During April, I also had the opportunity to revisit my GDC material and put together a couple more pieces I was proud to publish. Ubisoft's Patrick Plourde presented a fascinating insight into the frankly terrifying logistics of designing, playtesting and polishing Assassin's Creed 2, which again seemed ripe for adaptation into a Saturday Digital Foundy feature, and once again the developer was only too happy to assist.

Another video favourite is our Assassin's Creed II time-lapse, showing off the time of day tech in Ubisoft's killer sequel - looking and sounding quite beautiful in the process.

The run-up to E3 also saw Microsoft begin to open up a bit more about its Project Natal motion controller, with the news that Israeli developer PrimeSense were behind the 3D imaging tech. The brains behind what was to become Kinect talked exclusively to Digital Foundry, revealing their ambitions for their work beyond gaming. Weeks later, just minutes away from PrimeSense's office, the Israeli arm of Microsoft gave the world its first look at how Natal's eye sees the world.

We posted a couple of our customary Saturday features that month. Firstly, we revisited the still hot topic of Final Fantasy XIII, revealed more problems with the Xbox 360 version of the game and conducted a complete breakdown of the game's video sequences from start to finish, along with a video codec face-off that demonstrated conclusively that Square Enix's use of the Bink compressor really was a fundamentally poor decision.

This month, Microsoft updated the Xbox 360 dashboard to support USB flash drives, loosening its vice-like grip on the external storage market by allowing up to 16GB of additional drive space to be added to the console using whatever USB devices you desired. Something of a massive shift from the platform holder then, and we went for broke in testing various flash drives, mechanical hard disks and even an ultra-expensive SSD with the new dash. Xbox 360 Storage: The Flash Factor was a very popular feature, and it highlighted an apparent limitation in the throughput of the hardware's USB controller - something that would go on to have a real impact for Project Natal/Kinect.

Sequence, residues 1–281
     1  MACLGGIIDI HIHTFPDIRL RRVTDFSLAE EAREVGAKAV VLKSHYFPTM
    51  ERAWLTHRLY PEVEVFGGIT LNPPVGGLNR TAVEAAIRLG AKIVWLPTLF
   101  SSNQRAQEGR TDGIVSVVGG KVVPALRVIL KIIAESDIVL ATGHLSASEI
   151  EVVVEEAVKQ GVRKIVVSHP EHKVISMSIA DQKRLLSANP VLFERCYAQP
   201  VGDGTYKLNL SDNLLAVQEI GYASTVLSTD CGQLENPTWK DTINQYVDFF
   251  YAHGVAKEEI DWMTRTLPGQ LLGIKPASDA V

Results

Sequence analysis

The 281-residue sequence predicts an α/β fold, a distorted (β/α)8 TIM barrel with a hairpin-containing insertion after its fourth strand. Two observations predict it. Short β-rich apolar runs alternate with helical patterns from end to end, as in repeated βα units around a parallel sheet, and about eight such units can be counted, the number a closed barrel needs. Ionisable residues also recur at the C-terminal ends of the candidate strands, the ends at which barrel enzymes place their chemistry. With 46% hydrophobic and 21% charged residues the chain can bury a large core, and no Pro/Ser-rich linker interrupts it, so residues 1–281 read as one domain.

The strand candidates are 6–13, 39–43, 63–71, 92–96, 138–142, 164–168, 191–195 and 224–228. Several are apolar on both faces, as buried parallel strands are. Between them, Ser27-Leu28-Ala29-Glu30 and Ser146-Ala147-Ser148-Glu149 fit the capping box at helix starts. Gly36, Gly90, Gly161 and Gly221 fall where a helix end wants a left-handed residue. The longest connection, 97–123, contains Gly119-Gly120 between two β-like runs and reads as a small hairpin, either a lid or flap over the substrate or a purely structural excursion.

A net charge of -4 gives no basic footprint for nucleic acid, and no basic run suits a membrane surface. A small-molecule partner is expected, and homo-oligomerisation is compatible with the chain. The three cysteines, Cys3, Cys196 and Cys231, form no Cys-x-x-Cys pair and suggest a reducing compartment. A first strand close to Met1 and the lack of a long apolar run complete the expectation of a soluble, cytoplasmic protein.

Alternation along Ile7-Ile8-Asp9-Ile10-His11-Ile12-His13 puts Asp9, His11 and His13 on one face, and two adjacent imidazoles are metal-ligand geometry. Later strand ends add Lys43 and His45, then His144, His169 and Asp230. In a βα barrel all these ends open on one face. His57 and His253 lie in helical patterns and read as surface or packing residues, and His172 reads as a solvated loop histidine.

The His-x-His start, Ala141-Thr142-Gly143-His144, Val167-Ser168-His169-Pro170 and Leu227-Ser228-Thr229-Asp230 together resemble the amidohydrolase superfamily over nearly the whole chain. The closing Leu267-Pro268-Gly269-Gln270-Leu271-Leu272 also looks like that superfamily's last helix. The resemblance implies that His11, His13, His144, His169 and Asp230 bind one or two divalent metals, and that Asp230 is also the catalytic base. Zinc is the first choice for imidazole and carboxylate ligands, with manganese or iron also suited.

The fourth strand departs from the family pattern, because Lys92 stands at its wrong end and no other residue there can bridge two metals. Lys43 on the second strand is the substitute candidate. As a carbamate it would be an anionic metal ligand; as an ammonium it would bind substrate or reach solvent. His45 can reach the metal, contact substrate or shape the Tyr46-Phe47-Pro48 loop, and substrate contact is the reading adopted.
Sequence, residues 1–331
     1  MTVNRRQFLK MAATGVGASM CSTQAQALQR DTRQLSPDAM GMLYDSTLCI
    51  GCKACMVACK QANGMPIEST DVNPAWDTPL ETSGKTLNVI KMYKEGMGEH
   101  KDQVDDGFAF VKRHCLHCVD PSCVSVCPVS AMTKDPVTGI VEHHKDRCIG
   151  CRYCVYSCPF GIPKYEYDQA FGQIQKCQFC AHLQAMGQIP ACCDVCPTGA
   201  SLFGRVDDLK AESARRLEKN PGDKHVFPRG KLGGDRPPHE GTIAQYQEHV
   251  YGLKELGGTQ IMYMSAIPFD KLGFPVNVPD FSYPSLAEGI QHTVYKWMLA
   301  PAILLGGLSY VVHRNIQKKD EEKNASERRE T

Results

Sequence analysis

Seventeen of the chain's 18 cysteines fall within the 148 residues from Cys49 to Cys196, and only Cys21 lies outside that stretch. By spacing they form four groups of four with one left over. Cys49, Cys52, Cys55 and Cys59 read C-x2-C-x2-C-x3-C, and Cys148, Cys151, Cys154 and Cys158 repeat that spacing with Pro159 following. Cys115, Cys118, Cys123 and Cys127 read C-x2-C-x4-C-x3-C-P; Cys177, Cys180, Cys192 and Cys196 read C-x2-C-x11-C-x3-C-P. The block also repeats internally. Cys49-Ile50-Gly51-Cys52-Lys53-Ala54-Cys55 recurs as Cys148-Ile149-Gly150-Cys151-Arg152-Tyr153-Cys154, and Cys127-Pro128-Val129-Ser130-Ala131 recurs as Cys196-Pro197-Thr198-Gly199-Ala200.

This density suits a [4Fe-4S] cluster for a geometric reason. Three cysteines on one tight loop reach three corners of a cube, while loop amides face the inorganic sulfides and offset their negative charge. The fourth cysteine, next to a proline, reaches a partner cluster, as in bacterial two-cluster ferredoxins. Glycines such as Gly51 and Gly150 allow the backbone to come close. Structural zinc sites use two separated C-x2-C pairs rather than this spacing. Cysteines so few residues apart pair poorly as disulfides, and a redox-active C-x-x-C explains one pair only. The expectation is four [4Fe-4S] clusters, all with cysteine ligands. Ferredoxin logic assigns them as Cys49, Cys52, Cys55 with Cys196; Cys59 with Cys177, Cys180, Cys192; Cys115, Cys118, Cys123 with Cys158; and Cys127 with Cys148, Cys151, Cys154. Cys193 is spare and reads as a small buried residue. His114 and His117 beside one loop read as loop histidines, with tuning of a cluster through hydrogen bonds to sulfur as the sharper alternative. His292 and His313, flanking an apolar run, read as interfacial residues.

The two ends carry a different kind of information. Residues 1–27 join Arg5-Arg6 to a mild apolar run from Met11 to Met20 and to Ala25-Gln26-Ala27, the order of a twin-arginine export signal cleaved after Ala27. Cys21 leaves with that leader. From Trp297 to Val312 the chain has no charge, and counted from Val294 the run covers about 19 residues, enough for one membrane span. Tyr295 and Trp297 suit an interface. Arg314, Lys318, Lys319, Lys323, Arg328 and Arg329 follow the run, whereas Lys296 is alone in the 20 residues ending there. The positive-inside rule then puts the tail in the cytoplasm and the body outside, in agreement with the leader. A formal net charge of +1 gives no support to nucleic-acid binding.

Other Digital Foundry articles: TriOviz reckoned they could do 3D gaming on a 2D display, and incorporated its tech into a Game of the Year Edition of Batman: Arkham Asylum. Digital Foundry asked if TriOviz was too good to be true, and indeed it was. We saw some potential but reckon that the system's future is in supplying fast performance 3D for games running on a proper HDMI 1.4 3DTV. Around the same time, we reported on Sony's stereoscopic progress in our Making of PlayStation 3D feature. Meanwhile, Crytek revealed some bona fide Crysis 2 on console footage, which we put through performance analysis with some variable results. The sequel looks intriguing, but we're still yet to be convinced that consoles can run Crysis. This is definitely a situation where we'd love to be proved wrong.

Face-Offs: Avalanche Studios' superb Just Cause 2 was the basis for the one and only Face-Off of the month. As platform comparison go, there wasn't much in it at all - both were, and are, great games - but the PS3 game narrowly got "the nod".

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About the Author

Richard Leadbetter avatar

Richard Leadbetter

Technology Editor, Digital Foundry

Rich has been a games journalist since the days of 16-bit and specialises in technical analysis. He's commonly known around Eurogamer as the Blacksmith of the Future.